Above: BBC Two ident [5] - Schools. Schools programmes moved to BBC Two in September 1983; a new version of the BBC Two symbol was introduced for the new 'Daytime on 2' strand.

Above: BBC Two schools countdown [1]. Prior to autumn 1983, Schools programmes occasionally had reason to move to BBC Two for the day. In such circumstances, a special version of the 'Dots' countdown was required. In this example, we see the electronically-generated dots (used on BBC One) with the '==2==' logo keyed on top.

Above: Open University ident [1]. The animation of the OU logo was produced using a mechanical device. Unfortunately, we don't have any footage of the animation at present.

Above: Open University ident [2]. This electronically-generated version of the OU ident is thought to have been introduced at the same time as the electronic clock device, on Saturday 6th September 1980 and remained in use until 1984.

The Open University strand also had its own clock, featuring the same yellow and blue colour scheme. If you have any footage of this clock, we'd like to hear from you.

Above: Open University ident [3]. This OU symbol was introduced in 1984, exact date unknown

Above: Open University ident [4].

Above: BBC Two clock [1]. The mechanical model in use between late-1974 and June 1979 was recoloured and updated with the new stripy BBC Two logo. This all looked very primitive alongside the slick, new electronically-generated channel symbol.

Above: BBC Two clock [2]. Introducing 'News on 2'.

Above: BBC Two clock [3]. At closedown.

Above: BBC Two clock [4]. Leading into an afternoon trade test transmission.

Above: BBC Two clock [5]. On Saturday 6th September 1980, BBC Two got a nice, shiny, new and entirely electronically-generated timepiece. There were one or two teething problems with new kit and the mechanical clock was still 'on hand' to cover. The change of technology also saw the introduction of an updated clock face design, with new hour markers and a small, solid circle in the centre.

The project to replace the Noddy-based clock caption device (where a camera was placed in front of a mechanical clock and colour added by a colour synthesiser) was initiated in 1979 after John Shelley spotted an article in the Engineering Weekly Information Sheet, where the various problems with keeping the clock camera correctly adjusted were outlined. John sent a handwritten note to Richard Russell of the Designs Department saying simply "This all seems pretty primitive. Is there a possibility that we could generate the clock caption electronically?".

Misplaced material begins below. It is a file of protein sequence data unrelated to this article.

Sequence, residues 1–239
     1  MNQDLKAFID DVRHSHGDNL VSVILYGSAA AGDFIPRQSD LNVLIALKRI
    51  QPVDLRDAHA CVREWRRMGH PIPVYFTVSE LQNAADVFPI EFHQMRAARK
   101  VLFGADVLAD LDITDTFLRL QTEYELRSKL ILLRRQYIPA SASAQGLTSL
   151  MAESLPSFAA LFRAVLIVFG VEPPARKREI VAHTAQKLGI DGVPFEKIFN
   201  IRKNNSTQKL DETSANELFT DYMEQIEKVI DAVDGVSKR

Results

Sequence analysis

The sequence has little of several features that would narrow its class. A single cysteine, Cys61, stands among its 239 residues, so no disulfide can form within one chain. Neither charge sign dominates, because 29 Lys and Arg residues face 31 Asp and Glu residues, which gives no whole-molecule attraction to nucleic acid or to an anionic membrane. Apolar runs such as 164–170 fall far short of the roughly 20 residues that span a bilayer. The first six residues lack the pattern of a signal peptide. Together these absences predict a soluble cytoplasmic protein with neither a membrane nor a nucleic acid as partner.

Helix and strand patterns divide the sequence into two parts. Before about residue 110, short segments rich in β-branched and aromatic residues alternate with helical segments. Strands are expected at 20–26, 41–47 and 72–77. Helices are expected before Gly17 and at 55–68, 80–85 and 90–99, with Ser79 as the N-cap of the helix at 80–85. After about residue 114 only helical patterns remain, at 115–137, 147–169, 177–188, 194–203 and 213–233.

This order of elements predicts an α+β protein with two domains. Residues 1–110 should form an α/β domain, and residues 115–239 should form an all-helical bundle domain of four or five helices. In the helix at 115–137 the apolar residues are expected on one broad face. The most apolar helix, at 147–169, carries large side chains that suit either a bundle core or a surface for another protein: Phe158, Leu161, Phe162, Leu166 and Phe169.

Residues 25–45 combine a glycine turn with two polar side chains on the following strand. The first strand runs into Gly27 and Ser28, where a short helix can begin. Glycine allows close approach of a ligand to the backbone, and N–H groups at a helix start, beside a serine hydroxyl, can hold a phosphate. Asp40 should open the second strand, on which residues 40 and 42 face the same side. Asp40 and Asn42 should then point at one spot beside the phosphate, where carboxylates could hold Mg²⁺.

When built, the new electronic kit was put on display at the BBC's stand at the IBC (International Broadcasting Convention) in Brighton in 1980. BBC Engineering produced the following article on the new development, which provides some fascinating insights:

From Saturday 6th September, the clock seen on BBC Two has been produced electronically. The BBC One clock is expected to 'go electronic' next year. The new BBC system, designed by Richard Russell of the Designs Department, has done away with the need for cameras, slide scanners and mechanical clocks. Richard Russell says "the new clock has been designed to take up less space, to be less costly to operate and to be more reliable and to offer better resolution than the system it has replaced."

The picture the viewer sees is made up of the clock and the BBC logo, showing him which channel he is watching. The network logo for BBC Two is generated using run-length encoding, where the data is stored in a programmable read-only memory (PROM). Run-length encoding is where, instead of telling each picture element what colour it should be, it is only necessary at each colour change to tell the system how long the colour will last, i.e., its 'run-length'. Although theoretically 1,024 colour changes could take place on each line, this is limited by the size and speed of the data memory. The use of a buffer memory permits at least 64 changes on each line.